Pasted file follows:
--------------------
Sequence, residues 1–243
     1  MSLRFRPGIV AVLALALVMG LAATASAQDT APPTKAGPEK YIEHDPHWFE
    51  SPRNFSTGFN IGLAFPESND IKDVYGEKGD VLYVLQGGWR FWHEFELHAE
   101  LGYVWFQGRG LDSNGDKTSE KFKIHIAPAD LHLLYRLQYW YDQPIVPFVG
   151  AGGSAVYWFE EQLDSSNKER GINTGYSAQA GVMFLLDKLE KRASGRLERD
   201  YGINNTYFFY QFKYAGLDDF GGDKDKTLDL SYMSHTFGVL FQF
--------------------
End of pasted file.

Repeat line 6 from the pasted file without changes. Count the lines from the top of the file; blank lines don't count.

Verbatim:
   201  YGINNTYFFY QFKYAGLDDF GGDKDKTLDL SYMSHTFGVL FQF